We analysed 47m clicks to see how brand traffic should be measured
#Digital Marketing

We analysed 47m clicks to see how brand traffic should be measured

Having a clear view of where traffic, sales and revenue comes from is critical for any marketer. Better understanding allows you to do more of the things that are working and less of the things that aren’t, which means you get more from your resources. This is crucial for SEO when you’re particularly measuring brand versus non-brand, as the influence you have on each differs a lot.

So why is it that in SEO, we often take a loose approach when categorising brand versus non-brand traffic?

Why an accurate brand vs non-brand split matters

Getting an accurate brand vs non brand split is of crucial importance to deliver a successful SEO strategy. It gives you the ability to:

  • More accurately assess the SEO visibility of your site
  • Analyse changes in conversion rate
  • Assess the impact of an Above The Line campaign affecting your overall numbers
  • Look into new vs returning users
  • Forecast the impact of your SEO activity over the next x months

One way of using a shortcut to get a brand vs non brand view for SEO is to just take the homepage vs non homepage split and go with that ratio. This is useful because it avoids the more complex (and lengthy) process of looking at individual keywords in Google Search Console and mapping them to URLs in GA.

The assumption is simple:

“The homepage is the main landing page for pure brand keywords and a number of brand + variation keywords. It will therefore pick up the vast majority of total brand traffic. As such, if I want to look at total non-brand performance in Google Analytics I can just exclude homepage from my calculations.”

 Why measuring just the homepage can be very misleading

Any SEO will know that there are aspects of how both search engines display results and how users search which will undermine the accuracy of this approach. To name a couple:

  1. Sitelinks appearing for brand searches meaning users might click on a different page than the homepage.
  2. Users searching for “brand + keyword” leading Google to serve a more specific landing page than the homepage.

Yet still, the hope remains. Perhaps the data is not 100% correct, but it is close enough to it?

We investigated this claim to assess if it is broadly true and how it differs on a site by site basis. Keep reading…

The Approach

Using Google DataStudio and the Google Search Console – specifically the URL Impressions data source – we can use Regular Expression formulas to exclude or include brand keywords from the data and get accurate traffic splits. Then, using “Landing Page URL” as a dimension, we can look at homepage vs non homepage totals by URL matching our brand and non- brand filters.

Note that we have been careful to exclude data such as strong subdomain brand profiles or international subfolders. This is to ensure the results only depict user brand traffic going to subproducts or content hosted on subfolders.

Data was gathered from a total of 52 different domains across 2020. The data set is sizable with a total of 47,240,034 clicks analysed across a number of verticals and site types including: fashion, home, travel, sports, nutrition, property, beauty and financial.

The sites analysed ranged from ~70,000 organic clicks per month to over 2,000,000.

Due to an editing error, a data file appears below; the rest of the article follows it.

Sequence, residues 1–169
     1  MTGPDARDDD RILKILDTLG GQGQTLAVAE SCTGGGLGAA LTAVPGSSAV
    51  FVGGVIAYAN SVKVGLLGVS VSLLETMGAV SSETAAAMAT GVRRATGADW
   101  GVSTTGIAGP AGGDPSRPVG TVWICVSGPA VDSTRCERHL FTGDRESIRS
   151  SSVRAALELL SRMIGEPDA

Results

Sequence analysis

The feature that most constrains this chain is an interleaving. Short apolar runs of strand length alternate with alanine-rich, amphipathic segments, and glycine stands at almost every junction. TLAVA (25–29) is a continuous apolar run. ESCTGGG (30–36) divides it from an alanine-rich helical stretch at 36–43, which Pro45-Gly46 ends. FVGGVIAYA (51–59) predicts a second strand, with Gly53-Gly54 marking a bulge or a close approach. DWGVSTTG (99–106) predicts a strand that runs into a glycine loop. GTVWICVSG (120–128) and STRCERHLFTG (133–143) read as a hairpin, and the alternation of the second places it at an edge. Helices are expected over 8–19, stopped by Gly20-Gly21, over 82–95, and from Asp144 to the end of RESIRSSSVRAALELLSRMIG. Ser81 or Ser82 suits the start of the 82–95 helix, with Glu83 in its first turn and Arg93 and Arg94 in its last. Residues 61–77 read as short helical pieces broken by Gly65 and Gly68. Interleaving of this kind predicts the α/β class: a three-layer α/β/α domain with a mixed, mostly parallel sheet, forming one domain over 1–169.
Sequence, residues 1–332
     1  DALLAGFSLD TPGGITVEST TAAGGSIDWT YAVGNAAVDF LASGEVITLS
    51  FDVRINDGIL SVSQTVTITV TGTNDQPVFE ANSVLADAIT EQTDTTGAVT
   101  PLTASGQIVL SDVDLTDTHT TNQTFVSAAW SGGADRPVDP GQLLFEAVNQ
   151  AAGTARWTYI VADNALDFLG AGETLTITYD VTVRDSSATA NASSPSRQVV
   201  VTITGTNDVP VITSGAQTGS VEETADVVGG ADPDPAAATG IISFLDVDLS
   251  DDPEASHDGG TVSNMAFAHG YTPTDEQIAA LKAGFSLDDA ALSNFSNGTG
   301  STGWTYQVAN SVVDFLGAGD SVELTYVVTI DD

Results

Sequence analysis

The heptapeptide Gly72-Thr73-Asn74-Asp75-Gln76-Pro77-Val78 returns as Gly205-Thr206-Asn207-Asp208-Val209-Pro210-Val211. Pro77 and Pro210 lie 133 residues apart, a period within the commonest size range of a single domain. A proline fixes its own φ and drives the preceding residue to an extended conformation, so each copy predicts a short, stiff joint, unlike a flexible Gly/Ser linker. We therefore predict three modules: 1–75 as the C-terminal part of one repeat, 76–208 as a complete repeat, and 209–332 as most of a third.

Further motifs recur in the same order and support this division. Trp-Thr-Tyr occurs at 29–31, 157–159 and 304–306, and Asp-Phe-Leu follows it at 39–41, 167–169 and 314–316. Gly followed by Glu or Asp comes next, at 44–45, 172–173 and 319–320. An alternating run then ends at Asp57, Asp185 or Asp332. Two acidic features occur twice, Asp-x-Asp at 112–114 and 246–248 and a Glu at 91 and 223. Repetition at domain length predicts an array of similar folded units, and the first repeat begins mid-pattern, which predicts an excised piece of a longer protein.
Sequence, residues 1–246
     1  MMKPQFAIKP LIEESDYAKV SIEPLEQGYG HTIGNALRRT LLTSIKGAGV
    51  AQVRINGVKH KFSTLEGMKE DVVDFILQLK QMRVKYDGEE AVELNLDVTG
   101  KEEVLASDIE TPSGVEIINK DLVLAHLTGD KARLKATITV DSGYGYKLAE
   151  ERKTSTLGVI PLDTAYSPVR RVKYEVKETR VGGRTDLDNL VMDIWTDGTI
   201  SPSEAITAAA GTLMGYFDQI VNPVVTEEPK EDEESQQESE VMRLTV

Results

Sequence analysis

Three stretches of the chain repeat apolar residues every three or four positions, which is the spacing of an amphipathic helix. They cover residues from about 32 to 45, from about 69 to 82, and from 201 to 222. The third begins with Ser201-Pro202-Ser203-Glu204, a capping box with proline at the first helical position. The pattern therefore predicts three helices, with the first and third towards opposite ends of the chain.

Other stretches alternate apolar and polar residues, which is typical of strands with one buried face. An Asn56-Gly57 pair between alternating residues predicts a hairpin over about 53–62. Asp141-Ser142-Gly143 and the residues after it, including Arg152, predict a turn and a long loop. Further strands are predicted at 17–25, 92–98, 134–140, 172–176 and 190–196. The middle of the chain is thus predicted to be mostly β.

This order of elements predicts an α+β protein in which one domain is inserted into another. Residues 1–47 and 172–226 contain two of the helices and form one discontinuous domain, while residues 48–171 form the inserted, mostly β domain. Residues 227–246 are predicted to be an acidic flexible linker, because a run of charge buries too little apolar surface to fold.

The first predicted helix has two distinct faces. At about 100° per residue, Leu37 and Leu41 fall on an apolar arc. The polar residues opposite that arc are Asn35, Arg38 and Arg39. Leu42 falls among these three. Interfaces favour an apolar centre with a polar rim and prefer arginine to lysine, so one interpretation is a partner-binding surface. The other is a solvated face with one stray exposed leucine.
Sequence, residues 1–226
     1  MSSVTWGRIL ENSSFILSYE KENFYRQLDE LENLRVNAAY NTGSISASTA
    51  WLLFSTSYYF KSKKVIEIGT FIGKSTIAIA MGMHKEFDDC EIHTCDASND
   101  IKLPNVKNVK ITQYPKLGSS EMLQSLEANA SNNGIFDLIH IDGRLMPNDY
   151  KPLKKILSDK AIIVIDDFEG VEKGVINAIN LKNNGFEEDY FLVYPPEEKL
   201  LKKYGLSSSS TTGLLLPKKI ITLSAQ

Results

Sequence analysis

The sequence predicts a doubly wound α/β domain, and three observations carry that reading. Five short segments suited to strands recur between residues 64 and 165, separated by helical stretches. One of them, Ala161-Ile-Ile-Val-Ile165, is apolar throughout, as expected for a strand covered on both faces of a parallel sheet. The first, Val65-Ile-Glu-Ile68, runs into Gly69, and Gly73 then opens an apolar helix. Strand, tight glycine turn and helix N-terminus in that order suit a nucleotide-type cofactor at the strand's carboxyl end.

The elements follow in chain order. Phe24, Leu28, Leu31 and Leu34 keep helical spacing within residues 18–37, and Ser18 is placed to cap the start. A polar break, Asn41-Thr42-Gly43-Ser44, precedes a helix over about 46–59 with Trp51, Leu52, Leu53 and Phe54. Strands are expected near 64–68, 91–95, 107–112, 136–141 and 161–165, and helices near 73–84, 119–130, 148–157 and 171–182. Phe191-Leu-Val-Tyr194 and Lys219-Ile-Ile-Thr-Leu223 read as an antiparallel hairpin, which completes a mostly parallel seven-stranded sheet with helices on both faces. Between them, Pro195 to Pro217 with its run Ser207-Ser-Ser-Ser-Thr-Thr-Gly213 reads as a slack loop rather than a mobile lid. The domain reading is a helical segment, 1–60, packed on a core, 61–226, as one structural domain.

The Results

Through analysis of keyword data for the 52 domains, we have found that the approach is broadly a flawed one.

Overall, the percentage of brand clicks going to the homepage are just over half at an average of 58%:

 

Percentage of brand clicks going to the homepage

When looking at the split by site type, we can see that on Lead Generation websites the % of brand traffic going to the homepage is even lower compared to the average at half of all clicks:

Lead Generation websites the percentage of brand traffic going to the homepage

What was most eye opening was the spread of how much the ratio differed by website. In the sample of 52 sites, we have seen sites ranging from a high of 87% to a low of 18% brand traffic to the homepage:

Percentage brand traffic to the homepage

The range in and of itself, obviously, immediately discredits any sort of one size fits all approach but, also interesting, is that no site even exceeded the 90% mark. In some cases, sites were showing less than 20%!

This means that, even in the best of cases, the assumption that it is possible to treat homepage traffic as brand still sees you discrediting 13% of the total brand traffic. As a result, a large site could be a matter of tens of thousands – if not hundreds of thousands – of brand sessions on a given month.

If there was more need for evidence to discredit the hypothesis and that each site requires a custom analysis, it is the fact that the size of the brand itself bears no correlation with the % of brand traffic going to the homepage.

This latter concept is illustrated by the table below, which shows the top and bottom 5 sites in terms of homepage brand traffic % split vs the total share of brand organic search traffic:

homepage brand traffic percentage split vs the total share of brand organic search traffic

Conclusion

I believe everyone understands that shortcuts can be a slippery slope which lead to assumptions being made on a flawed data set. In this context, if you have been assuming homepage = brand then it is worth rethinking the approach.

Utilising Google Search Console and Google DataStudio, it is now relatively straight forward to drill into the data and get a much more accurate representation of where and to what extent your site is driving its brand clicks than just picking the homepage.

Furthermore, more work to set the foundations and analysis right at the outset will enable you to report and forecast more accurately and optimise your site more effectively in the areas that matter more.